“The Party: The Secret World of China’s Communist Rulers” by Richard McGregor
Richard McGregor is the bureau chief for the Financial Times in Washington DC. But a lifetime ago he was once its China bureau chief, where he has reported from north Asia for nearly 2 decades and had a unique first-hand access and experience in one of the world’s most mysterious countries.
And decades of reporting and building network there have culminated in the writing of this book, a some kind of behind the scene account of the secret world of China’s communist rulers. And it is an eye opener.
The book shows how the Communist Party creeps into every fabric of Chinese society, it provides the structure and the personnels of the Party, the politics inside the Party, the business environment in the country, the delicate balance between profitable enterprise and meeting the Party’s political objective, its long and bloodied history (including the dark days of the famine that killed 35 million people), and the ever present cult-like worship of Mao Zedong.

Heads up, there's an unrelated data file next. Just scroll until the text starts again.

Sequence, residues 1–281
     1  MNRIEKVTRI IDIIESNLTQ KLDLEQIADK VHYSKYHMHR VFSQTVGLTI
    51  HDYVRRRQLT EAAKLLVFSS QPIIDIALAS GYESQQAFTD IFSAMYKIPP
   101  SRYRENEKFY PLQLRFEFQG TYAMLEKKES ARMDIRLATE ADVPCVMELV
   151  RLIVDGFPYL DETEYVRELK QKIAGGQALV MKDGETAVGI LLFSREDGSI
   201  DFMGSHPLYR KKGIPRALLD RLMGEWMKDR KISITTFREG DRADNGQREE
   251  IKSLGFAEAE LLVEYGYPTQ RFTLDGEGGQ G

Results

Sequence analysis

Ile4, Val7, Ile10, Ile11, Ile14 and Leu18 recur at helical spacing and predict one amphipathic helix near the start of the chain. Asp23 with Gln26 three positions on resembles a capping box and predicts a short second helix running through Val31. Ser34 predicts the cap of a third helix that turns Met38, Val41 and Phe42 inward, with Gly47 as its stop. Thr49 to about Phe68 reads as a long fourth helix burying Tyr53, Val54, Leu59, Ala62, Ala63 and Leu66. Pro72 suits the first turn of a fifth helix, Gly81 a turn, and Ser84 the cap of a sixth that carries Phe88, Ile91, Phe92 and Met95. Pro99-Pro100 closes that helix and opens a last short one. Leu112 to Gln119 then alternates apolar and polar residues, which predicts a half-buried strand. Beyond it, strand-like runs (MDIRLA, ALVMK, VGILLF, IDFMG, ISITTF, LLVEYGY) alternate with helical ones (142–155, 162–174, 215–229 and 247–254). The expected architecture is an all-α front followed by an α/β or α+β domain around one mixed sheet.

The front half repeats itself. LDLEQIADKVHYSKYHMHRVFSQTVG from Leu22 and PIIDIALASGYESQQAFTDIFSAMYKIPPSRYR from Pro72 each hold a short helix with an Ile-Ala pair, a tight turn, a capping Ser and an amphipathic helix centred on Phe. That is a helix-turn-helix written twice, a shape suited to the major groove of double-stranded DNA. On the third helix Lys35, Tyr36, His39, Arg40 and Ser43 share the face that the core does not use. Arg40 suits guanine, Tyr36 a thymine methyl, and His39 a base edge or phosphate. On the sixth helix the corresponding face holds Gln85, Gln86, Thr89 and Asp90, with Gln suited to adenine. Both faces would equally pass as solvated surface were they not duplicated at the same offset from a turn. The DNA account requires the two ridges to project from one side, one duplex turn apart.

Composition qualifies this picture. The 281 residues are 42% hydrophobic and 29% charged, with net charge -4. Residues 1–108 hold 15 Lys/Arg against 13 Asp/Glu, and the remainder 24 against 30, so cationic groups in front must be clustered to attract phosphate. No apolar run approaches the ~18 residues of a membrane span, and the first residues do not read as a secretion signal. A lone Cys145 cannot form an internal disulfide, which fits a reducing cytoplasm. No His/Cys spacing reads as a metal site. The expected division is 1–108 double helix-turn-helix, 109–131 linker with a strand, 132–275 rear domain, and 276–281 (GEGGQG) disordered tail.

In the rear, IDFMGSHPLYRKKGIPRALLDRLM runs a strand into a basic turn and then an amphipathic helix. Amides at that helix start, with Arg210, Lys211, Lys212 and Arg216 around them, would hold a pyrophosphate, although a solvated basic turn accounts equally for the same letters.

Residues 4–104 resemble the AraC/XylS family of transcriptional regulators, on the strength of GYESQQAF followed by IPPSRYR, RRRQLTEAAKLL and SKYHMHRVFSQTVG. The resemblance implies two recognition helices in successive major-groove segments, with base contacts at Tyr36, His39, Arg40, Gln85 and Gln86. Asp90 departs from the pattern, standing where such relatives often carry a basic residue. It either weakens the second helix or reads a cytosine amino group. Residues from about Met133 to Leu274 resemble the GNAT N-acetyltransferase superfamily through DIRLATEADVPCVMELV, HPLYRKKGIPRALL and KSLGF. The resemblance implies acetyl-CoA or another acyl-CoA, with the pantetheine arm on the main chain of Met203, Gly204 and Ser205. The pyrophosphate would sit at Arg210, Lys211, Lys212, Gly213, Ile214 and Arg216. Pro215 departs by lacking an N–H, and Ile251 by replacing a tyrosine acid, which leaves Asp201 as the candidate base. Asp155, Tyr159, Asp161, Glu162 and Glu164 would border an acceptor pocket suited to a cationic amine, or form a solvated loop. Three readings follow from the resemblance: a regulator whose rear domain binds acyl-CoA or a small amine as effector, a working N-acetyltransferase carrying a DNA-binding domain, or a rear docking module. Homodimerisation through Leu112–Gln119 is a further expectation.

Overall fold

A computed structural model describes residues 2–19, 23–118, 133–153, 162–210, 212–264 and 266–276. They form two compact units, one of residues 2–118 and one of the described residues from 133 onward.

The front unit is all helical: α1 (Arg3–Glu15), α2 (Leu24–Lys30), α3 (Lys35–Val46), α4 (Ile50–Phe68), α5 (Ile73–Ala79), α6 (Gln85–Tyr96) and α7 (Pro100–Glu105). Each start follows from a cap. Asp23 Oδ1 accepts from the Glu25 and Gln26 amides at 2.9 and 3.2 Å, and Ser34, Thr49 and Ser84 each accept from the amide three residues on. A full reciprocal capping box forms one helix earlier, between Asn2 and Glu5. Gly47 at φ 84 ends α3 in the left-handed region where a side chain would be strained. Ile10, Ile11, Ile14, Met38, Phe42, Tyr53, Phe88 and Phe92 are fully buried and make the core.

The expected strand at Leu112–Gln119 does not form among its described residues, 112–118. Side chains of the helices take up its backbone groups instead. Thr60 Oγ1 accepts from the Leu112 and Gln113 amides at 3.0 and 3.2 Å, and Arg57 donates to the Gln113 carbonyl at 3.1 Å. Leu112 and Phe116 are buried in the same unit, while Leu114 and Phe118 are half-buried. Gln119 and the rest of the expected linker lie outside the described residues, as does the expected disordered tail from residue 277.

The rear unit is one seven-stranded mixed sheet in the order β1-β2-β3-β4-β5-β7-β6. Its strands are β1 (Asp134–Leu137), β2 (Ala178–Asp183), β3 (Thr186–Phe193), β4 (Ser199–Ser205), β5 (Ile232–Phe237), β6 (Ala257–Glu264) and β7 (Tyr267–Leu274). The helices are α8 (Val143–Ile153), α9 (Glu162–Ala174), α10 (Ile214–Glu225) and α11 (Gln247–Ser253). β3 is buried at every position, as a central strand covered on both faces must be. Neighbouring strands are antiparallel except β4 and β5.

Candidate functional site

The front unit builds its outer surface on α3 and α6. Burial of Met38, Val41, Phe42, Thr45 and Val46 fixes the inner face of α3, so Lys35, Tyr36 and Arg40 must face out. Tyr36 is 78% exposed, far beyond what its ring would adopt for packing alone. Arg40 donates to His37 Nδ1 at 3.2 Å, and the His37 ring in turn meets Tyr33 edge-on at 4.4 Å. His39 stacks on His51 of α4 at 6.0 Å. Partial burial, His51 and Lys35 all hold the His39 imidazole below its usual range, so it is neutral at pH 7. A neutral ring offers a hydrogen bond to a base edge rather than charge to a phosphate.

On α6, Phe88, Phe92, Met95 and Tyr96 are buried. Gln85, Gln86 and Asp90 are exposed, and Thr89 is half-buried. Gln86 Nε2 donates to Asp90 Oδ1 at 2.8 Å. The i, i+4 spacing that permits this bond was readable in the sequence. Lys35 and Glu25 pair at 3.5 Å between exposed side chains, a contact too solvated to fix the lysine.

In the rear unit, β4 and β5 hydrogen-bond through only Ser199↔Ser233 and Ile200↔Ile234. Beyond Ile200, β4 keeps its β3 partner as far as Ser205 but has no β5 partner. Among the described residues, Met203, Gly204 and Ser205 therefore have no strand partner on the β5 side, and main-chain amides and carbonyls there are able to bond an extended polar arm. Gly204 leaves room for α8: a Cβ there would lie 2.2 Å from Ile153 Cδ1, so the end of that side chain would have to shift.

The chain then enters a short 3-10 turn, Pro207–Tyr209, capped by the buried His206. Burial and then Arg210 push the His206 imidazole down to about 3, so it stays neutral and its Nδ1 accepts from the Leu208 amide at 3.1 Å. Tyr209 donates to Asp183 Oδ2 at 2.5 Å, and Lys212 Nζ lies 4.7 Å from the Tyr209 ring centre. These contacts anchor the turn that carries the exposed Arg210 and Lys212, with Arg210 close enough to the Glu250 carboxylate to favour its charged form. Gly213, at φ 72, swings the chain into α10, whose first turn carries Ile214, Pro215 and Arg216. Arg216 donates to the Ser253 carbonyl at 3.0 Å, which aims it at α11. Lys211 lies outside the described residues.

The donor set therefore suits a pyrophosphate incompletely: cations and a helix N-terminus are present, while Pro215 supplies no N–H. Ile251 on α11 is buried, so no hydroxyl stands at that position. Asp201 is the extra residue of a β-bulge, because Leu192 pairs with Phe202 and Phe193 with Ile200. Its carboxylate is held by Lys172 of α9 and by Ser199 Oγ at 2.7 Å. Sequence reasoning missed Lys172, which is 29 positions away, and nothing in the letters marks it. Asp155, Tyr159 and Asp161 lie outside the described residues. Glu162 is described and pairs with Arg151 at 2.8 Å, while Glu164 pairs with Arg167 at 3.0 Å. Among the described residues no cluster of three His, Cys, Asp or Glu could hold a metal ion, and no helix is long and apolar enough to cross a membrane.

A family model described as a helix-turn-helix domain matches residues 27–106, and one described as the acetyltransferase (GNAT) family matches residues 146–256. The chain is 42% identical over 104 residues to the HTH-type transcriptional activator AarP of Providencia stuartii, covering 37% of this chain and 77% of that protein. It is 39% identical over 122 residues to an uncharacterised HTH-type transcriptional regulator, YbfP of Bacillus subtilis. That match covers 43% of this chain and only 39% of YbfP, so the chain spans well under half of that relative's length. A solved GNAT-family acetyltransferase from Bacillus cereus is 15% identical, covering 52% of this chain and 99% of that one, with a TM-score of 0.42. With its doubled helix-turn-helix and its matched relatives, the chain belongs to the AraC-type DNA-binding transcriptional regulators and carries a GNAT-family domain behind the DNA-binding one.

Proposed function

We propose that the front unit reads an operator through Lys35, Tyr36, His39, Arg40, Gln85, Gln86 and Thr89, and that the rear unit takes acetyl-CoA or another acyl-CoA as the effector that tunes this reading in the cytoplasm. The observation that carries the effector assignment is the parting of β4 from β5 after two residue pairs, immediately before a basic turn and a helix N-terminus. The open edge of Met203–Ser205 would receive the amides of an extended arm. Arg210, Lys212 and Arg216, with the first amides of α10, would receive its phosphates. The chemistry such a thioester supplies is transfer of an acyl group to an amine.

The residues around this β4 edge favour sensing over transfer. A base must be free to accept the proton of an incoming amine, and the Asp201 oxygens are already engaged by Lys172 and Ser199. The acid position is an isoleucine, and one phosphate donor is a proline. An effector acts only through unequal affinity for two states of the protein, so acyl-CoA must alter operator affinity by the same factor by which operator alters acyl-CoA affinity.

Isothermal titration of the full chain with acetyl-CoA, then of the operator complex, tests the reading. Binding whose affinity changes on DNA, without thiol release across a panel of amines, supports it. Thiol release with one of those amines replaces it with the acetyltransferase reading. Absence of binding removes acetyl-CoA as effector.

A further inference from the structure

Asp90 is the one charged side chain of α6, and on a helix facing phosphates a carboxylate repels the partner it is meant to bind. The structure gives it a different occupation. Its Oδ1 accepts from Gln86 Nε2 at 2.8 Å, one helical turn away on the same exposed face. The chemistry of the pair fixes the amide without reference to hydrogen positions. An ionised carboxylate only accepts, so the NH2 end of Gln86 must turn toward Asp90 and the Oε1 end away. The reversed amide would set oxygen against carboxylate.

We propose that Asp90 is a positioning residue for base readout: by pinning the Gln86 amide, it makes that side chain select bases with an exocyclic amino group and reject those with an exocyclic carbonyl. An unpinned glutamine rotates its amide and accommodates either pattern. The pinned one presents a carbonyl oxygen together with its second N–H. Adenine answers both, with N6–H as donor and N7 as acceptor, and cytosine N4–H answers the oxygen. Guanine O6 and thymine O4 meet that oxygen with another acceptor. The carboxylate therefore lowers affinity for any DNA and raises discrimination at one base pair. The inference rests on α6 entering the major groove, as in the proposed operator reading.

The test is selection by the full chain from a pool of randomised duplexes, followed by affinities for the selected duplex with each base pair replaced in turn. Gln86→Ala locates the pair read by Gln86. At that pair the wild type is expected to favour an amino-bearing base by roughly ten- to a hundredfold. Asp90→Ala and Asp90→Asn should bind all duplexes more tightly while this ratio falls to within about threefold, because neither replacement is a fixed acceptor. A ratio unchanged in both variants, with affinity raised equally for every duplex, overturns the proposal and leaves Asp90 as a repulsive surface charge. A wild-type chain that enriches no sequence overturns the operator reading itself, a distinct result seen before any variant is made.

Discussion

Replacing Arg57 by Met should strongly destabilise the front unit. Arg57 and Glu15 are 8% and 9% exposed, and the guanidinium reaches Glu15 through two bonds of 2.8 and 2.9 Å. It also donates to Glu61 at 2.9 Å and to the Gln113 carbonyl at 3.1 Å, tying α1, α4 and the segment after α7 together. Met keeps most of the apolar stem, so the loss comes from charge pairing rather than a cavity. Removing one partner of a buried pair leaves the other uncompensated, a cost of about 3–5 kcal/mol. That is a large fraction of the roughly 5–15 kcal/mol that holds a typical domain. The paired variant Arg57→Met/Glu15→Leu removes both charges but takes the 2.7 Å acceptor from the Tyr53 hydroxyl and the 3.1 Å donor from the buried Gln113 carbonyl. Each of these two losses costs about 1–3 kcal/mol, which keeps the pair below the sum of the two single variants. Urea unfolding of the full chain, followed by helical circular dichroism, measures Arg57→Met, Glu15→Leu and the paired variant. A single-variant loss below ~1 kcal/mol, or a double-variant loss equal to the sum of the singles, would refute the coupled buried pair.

The book also confirms some of the well known allegations towards the Party. Such as heavy censorship over its dark past, the omitted names and events from record, the massive cover up over things that are happening (such as the denial of SARS epidemic before a foreign media blow it up), the nasty treatment over outspoken journalists or whistleblowers, how the propaganda department controls the media, even the proof of half-truths or blatant lies published by the Party to eliminate competing narratives.
It also addresses the deep corruption inside the Party, and the ironic inequalities where a contrast of extreme poverty and mega riches exist inside the supposedly socialist country.
But perhaps the most interesting part of the book is the name dropping of some of the lesser known personnels of the Party, but equally as instrumental as Deng Xiaoping in being the architects of modern China. Names such as Chen Yun (long-serving economic planner), Chen Yuan (the man behind China inc’s move into Africa), Zhu Rongji (the corruption eradicator who was indispensable in China’s overhaul of the banking system and its entry to the WTO), as well as the oppositions such as He Weifang (the idealist university professor) and Yang Jisheng (a journalist critical towards the Party).
All in all, the book is so well written as an exposé it astonishes me how McGregor can possibly published it without getting into any trouble. But he’s still alive and free, and get to tell the truth about the Party to the world. A crucial read to really understand the puzzle piece of modern China.